5 Important Criteria to Consider when Selecting the Right Biotech Company to Work for

Many sources would agree that the biotech industry is growing rapidly. Biotech had a record-setting year in terms of funding with $7.3 billion, and raised $9.3 billion across 471 deals in 2017, making it the best year out of the last seven[1]. Another indication is the Nasdaq Index of the industry, which jumped more than 21% last year[2]. Thought leaders from leading venture capitals (VCs) predict 2018 to be another strong venture funding environment in this field. As innovation and company creation continue to grow, so does the demand for talent that is much higher than what has previously been seen[3,4].

For the first time, young talented scientists (like you!) can be selective in choosing their next career move that aligns well with their goals. With my experience advising VC-backed biotech clients in leadership management and organization building, I thought it may be helpful to outline characteristics of successful biotech companies to look for when choosing an employer that could be the right fit for you.

1. Credibility.

Biotech companies are often funded by investors, including wealthy individuals, angel groups, VCs, pharmaceutical companies, and universities. Players in the biotech industry associate high-quality biotech companies with the credibility of the main investors that support them. You can identify major investors of each biotech company in two ways. First, take a look at the company website; oftentimes a member of the main investor group will have at least one seat on the board of directors of the company. Second, the major investors are listed as leads on financial websites. One that I have found useful in the past is crunchbase.com.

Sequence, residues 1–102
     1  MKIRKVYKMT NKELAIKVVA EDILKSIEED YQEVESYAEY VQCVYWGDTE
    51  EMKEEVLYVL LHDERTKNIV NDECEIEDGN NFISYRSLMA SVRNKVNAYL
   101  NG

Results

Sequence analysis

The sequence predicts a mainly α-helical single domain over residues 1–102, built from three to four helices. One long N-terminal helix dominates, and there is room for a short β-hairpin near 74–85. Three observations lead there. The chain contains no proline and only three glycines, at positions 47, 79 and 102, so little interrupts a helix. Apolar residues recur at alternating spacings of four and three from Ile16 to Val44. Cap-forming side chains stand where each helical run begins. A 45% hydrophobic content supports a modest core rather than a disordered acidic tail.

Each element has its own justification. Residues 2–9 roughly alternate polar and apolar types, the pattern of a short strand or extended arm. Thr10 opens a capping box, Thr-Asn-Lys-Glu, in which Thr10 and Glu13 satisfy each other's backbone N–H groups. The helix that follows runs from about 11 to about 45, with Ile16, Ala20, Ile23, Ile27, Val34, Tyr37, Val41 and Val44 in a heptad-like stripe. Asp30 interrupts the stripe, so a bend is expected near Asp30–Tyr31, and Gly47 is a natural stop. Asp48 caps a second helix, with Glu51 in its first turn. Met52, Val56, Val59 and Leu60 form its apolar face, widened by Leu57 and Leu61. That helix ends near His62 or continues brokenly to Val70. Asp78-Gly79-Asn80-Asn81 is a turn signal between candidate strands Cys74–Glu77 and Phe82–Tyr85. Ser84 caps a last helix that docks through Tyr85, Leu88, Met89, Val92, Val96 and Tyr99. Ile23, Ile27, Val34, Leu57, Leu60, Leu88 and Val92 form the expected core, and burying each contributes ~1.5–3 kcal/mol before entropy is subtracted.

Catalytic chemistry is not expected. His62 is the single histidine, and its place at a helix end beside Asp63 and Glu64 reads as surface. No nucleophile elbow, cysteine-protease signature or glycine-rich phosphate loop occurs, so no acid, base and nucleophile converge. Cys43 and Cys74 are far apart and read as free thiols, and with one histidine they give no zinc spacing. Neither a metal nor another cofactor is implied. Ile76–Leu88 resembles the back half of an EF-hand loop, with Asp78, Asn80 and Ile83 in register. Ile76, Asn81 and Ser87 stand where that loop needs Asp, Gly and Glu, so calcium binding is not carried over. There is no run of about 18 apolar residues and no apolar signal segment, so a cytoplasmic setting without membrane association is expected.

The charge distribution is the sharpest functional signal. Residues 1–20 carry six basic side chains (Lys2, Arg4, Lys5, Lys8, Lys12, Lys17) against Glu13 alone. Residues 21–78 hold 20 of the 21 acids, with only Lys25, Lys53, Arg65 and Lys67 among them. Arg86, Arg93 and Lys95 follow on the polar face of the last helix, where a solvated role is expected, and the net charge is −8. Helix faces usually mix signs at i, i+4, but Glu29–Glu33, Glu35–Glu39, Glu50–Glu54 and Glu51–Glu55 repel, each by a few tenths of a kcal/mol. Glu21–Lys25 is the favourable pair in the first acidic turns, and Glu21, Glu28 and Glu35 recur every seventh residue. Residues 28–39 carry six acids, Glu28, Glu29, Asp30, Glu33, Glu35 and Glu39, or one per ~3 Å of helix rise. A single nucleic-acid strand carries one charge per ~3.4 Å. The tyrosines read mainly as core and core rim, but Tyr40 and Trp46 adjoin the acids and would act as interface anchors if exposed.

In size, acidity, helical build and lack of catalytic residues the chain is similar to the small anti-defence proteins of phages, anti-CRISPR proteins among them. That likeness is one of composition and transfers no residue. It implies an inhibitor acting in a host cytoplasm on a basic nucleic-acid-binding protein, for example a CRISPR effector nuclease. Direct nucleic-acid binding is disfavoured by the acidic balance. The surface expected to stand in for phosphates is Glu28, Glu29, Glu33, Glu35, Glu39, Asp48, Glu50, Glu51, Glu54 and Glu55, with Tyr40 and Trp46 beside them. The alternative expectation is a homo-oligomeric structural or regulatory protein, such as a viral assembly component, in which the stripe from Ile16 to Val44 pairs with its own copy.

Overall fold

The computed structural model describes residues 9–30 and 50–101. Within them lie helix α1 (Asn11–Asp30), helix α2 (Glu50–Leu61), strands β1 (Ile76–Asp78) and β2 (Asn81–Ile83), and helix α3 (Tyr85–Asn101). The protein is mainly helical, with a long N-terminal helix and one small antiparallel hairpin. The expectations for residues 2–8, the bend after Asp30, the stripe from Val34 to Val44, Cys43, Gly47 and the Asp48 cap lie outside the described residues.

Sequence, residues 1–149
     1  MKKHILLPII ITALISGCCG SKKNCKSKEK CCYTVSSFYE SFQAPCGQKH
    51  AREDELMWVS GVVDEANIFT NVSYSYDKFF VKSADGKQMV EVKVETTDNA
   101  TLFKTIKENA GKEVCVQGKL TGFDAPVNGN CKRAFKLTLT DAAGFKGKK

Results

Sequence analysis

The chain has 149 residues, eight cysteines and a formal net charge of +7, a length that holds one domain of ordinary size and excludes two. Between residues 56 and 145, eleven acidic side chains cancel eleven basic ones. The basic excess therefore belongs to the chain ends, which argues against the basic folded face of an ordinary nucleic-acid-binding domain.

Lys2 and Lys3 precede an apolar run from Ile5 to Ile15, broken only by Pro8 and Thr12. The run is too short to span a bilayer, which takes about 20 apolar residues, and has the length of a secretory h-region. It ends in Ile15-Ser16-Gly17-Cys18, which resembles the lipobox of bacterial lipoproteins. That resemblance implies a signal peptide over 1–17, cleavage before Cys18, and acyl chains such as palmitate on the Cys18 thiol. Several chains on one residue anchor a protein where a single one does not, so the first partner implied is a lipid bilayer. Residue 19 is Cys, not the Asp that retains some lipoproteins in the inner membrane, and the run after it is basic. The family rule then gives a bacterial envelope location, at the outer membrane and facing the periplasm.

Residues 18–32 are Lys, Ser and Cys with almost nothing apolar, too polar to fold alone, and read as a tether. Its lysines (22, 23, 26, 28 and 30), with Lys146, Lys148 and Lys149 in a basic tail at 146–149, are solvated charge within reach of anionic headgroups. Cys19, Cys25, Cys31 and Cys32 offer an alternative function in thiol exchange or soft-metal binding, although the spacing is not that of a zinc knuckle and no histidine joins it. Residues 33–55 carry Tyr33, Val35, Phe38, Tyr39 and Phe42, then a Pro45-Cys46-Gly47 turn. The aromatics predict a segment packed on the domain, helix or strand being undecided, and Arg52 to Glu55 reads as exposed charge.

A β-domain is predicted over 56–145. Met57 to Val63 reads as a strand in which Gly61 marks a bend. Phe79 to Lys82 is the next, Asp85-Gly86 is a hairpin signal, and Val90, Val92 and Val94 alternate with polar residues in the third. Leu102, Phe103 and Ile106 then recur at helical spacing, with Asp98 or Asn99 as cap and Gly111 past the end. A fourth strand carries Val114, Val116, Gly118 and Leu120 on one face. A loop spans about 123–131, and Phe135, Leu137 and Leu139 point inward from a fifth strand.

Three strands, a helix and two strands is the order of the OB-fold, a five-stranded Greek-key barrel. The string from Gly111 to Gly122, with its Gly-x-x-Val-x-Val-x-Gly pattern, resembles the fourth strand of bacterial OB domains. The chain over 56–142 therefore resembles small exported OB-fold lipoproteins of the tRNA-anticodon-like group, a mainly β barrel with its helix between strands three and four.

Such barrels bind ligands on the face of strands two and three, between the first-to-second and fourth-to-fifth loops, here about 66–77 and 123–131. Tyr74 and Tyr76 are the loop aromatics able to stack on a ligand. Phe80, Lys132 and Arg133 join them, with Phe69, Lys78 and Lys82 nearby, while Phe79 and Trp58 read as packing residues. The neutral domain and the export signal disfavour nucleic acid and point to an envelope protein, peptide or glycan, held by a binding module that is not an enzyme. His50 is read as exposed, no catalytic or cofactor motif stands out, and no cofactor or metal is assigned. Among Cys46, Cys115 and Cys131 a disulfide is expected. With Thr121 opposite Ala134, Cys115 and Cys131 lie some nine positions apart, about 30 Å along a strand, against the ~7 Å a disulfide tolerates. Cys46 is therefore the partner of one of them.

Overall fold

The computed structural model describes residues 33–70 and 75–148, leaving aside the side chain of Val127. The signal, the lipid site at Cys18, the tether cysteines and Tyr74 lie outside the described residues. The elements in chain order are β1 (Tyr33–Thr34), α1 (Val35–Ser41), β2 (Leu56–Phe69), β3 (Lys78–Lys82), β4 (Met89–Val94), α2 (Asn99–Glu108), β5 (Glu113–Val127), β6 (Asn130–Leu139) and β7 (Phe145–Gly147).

2. Financial Status.

Biotech companies with capital resources equal stability for your job. You want to see that the prospective employers have raised significant funds within the past few years and are expecting to receive additional capital in the near future. Another indication that a given biotech company will gain financial support is the positive clinical data reported spontaneously. I recommend following leading biotech news and sources such as Fiercebiotech or Biocentury to determine the financial status of any prospective employer in biotech.

3. Management and Leadership Team.

The group of individuals who are leading the organization is the face of the company and will often dictate whether or not the company will advance to the next stage. Investors also evaluate the leadership team to determine the possibility of the success of a startup. Most prosperous biotech companies feature management and leadership teams with diverse backgrounds who work well together as a team. Teams should be made up of a combination of individuals with scientific, commercial, strategy, financial, and management expertise with experience from both academics and industry. One red flag for a leadership team is having a company with a lot of turnover. This can indicate that the organization either has internal leadership or technical issues that the leadership team cannot agree on. Poke around the company website, LinkedIn, and the biotech sources I mentioned above to gain insight into the leadership team. The most important question you should ask yourself is “Would you trust your future in these people’s hands?”